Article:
Section 3 is a summary of knowledge graphs. Introducing knowledge graphs before section 2 would allow section 2 to make references to knowledge graph and provide a more insightful description of the knowledge management perspective by contrasting it to the knowledge graph perspective.

I didn't find section 4.1 particulary insightful as it does not discuss any relationship to the KM perspective and the title of the paper "how much knowledge is in KGs". This section could be shortened with no loss of continuity for the paper. Alternatively, it could be expanded to relate it to the main objective of the paper.

The case studies section is the most interesting section. The authors study the knowledge generation contirbution of the three use cases. I am not convinced that the three use cases represent three different uses as all of them contribute to generation of knowledge in the same way. Tacit knowledge (latent relationships between the multiple KGs or data sources used) are made explict by representing them as links in KGs. One can view entity resolution and schema mapping (both making explicit tacit knowledge) as the creation of links between previously unconnected (tacit) entities/items.

This section should be revised to link back to the KM definition/framework of knowledge generation (tacit to explicit) making it clear how KG technology in each use case is performing the tacit to explicit transformation.

The argument for C1/C2/C3 in the conclusions is unconvincing, although the overall idea of the KM perspective is very interesting and very welcome. I recommend refocusing on the tacit to explict distinction as it is the fundamental aspect of knowledge creation.

In my opinoon the conclusions section misses the opprotunity to discuss recent developments in KGs from the KM perspective. Particularly, the idea whether millions of floating point numbers constitute an explict representation of knowledge. On the one hand, they are explict as they are written down; on the other hand one needs a special tool to read them (a deep neural net that makes predicions). The point is that these numbers can be used to convert tacit to explcit knowledge in the sense that the prediction of a neural net are explict (eg links with probabilities). I think the KM perspective would offer an interesting view on the ML methods and enhance the contribution of the paper.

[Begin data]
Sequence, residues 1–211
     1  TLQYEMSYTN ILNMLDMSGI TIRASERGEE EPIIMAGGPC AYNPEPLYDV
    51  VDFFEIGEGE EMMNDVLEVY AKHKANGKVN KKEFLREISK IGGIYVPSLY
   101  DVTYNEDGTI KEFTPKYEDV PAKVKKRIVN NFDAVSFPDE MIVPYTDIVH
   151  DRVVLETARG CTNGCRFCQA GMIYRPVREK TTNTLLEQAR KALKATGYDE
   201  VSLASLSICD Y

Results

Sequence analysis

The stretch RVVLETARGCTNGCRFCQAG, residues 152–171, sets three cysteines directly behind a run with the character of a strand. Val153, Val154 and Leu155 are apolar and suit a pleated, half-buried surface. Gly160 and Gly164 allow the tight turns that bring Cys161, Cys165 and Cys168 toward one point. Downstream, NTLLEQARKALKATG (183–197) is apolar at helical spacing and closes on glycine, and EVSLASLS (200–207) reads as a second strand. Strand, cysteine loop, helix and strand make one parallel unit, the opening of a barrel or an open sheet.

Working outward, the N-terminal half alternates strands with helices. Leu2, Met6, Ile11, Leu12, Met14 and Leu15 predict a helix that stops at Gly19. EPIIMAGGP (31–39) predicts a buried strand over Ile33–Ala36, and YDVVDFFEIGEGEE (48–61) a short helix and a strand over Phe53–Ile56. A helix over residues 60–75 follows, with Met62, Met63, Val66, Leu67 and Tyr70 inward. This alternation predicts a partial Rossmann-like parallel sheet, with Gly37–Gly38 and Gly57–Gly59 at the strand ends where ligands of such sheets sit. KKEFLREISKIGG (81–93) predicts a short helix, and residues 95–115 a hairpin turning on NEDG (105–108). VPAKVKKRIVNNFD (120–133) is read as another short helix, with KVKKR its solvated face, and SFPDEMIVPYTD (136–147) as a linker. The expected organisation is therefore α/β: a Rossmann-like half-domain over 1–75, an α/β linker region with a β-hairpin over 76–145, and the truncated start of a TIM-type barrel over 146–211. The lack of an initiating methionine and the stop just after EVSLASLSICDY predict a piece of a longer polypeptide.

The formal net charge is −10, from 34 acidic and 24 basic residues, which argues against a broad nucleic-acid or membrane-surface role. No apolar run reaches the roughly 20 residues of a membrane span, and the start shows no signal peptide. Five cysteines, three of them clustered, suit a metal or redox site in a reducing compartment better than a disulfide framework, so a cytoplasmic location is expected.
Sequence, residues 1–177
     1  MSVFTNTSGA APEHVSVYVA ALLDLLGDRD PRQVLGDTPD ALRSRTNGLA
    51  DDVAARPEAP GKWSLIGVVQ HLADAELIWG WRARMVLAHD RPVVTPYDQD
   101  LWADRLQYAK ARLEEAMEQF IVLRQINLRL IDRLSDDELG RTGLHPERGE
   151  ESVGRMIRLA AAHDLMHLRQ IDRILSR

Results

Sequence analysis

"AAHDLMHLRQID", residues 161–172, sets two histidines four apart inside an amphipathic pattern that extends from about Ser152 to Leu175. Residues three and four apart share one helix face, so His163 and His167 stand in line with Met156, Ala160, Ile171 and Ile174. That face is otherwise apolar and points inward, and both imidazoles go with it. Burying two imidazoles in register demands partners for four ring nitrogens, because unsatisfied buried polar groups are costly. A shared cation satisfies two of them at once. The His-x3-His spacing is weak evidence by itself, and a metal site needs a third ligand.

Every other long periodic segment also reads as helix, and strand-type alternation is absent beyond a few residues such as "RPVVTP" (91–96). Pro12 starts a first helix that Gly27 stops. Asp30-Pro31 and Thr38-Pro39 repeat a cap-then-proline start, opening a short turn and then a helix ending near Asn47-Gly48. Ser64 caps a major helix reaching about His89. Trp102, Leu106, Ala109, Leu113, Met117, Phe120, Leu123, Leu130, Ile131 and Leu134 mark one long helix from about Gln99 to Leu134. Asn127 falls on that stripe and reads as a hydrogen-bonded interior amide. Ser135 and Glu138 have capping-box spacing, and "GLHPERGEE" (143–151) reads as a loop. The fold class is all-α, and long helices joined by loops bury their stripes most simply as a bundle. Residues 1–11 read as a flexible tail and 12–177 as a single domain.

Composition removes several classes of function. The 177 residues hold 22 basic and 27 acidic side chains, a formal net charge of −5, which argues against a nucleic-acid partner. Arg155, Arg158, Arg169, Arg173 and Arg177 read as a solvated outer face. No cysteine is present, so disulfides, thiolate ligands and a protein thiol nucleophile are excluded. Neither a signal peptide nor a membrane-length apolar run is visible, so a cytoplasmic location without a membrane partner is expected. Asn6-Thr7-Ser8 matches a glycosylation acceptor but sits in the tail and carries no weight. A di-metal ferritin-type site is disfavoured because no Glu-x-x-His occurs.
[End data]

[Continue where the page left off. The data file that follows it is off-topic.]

In summary, I very much like the idea of the paper; I think the execution could be better, offering crisper insights into the KM perspective. Sectons 4 and 5 need significant revisions.

1) originality: does the paper convey new ideas or perspectives?
The knowledge management perspective is a new perspective for studying KGs. The perspective is new, but its execution in the paper could be better, as discussed in the main review.

2) quality of writing
The quality of the writing is good; the paper is easy to follow and overall, the writing is scholarly. The main review has a few suggestions to reorganize the sections to improve the flow.

3) relevance to the community: is the proposed topic relevant to the Semantic
Web community
The topic (knowledge creation) is relevant to the Semantic Web community, but there are no clear take-aways. The conclusions C1/C2/C3 and the new directions D1/D2/D3 are very high level. I wish there were some metrics or experiments where one could measure the extent to which the Semantic Web community is consistent/inconsistent with the KM perspective, which would help to produce actionable recommendations. Deeper analyses of use cases could provide similar insight. In its current form, relevance to the Semantic Web community is tangential.

4) potential impact to open up new research directions: in how far are open
research questions and directions mentioned and how relevant are these?
The impact is low as the new directions D1/D2/D3 are high level, and not entirely new. For example, commonsense knowledge graphs have a significant focus on actionable knowledge

5) interdisciplinarity: in how far does the paper enable/foster
interdisciplinary discussions connecting to other communities?
The paper offers a connection to the KM community, but it is unclear how the connection would evolve. A connection needs shared artifacts of some sort that the communities study or use in their work. These can be resources (KGs), tools, algorithms, data. This part is not defined.

Review #3